Elegant Complexity: Spirituality and Geometry Abstracted in the Work of Charles Heppner
Like many Brooklyn-based artists, Charles Heppner’s art-making practice originated elsewhere. Born and raised in Chicago, Heppner was a mainstay of the Chicago art scene, where he worked for nearly 20 years. His studio on the South Side is part of what’s known as “the greenest house in Chicago.” Designed by his brother, Timothy Heppner of ECOtellignet Design, the house boasts a rooftop garden and even its own wetlands reservoir. These elements are not merely evidence of Heppner’s Green politics: as an artist, he is also deeply invested in the beauty and significance of natural forms, a significance which, for a self-proclaimed “hippie Catholic,” transcends art-making to refigure itself as a quest for spiritual truths.
Majoring in mathematics in college, Heppner’s art training centered around the Hyde Park Art Center, associated since the 1960s with the Chicago Imagists movement, as well as The Drawing Workshop, founded by drawing teacher George Sotos. Early in his career, Heppner focused on illustration and painting – particularly watercolor – but was soon drawn to photography, which has come to serve as something of a baseline in his current practice. Embodied in his work in a variety of forms, Heppner uses photographs to explore the fabric of nature’s geometry, highlighting its subtle contours and endlessly multiplying forms.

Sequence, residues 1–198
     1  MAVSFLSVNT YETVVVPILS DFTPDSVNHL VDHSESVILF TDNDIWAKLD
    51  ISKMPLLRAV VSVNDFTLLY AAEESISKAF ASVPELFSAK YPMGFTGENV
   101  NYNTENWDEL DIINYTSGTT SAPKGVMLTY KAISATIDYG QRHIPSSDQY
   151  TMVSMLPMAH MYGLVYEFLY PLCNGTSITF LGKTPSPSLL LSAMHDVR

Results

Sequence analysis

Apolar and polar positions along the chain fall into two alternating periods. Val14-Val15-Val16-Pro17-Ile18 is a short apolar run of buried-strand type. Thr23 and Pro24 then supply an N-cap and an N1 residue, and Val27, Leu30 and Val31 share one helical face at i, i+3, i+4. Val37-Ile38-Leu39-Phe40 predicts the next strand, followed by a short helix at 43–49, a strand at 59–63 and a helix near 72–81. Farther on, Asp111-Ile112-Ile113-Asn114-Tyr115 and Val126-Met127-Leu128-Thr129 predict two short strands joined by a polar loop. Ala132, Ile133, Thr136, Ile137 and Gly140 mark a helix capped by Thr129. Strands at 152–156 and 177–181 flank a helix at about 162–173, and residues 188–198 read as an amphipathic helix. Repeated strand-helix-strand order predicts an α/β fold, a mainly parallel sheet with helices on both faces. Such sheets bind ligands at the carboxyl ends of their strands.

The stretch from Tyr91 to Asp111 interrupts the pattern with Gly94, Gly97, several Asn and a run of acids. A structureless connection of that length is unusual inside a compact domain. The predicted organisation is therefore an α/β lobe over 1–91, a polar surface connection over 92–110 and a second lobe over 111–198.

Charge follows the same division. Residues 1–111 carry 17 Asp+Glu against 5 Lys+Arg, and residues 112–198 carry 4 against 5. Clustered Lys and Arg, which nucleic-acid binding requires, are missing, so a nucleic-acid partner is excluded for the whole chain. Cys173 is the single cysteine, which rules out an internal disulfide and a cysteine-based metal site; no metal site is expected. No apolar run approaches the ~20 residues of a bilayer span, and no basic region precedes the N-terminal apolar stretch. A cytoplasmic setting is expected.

Although devoted to film photography (“The craft of creating images in the darkroom is beautiful to me,” he enthuses), Heppner’s recent work also employs digital image-making tools. In his “Sacred Fabric” series, he uses a scanner to map the contours of pieces of cheesecloth, a micro-topographical investigation of the tension between Cartesian and non-Euclidian geometries. The resulting images deconstruct the cloth as an object and bring attention to its formal qualities. Cheesecloth is also used as a support in his “Hortus Noster in Urbe (Our Garden in the City)” series, in which real flowers are photographed against allusive cheesecloth backgrounds. In some, the image recalls a soft womb-like interior, in others free-floating objects in deep space.
Heppner’s “Prayer Rugs” series also relies on digital photography to reduplicate photos of tree branches in kaleidoscopic configurations. London Plane trees are often his subject: “The London Planes are suggestive of dancers to me, the way they move up to the sky.” Heppner presents the winding branches, and occasional deeply hued leaves, against a monochromatic sky.
Last but in some ways most personal for Heppner are his “Sanctum Boxes,” shadow boxes inspired by the Stations of the Cross. The iconography in each box – many of them representing issues of peace and social justice – constitutes a kind of discrete meditation or “prayer.” His spiritual concerns are also reflected on the inscriptions he places on the back of each box, such as “Do Not Be Afraid to Be Compassionate” and “Meditation of What Could Be.” In Heppner’s work, politics and aesthetics have no essential existence outside of the realm of the spiritual. Paraphrasing aesthetic and moral philosopher John Dewey, the artist asserts, “Art is the Spirit itself.”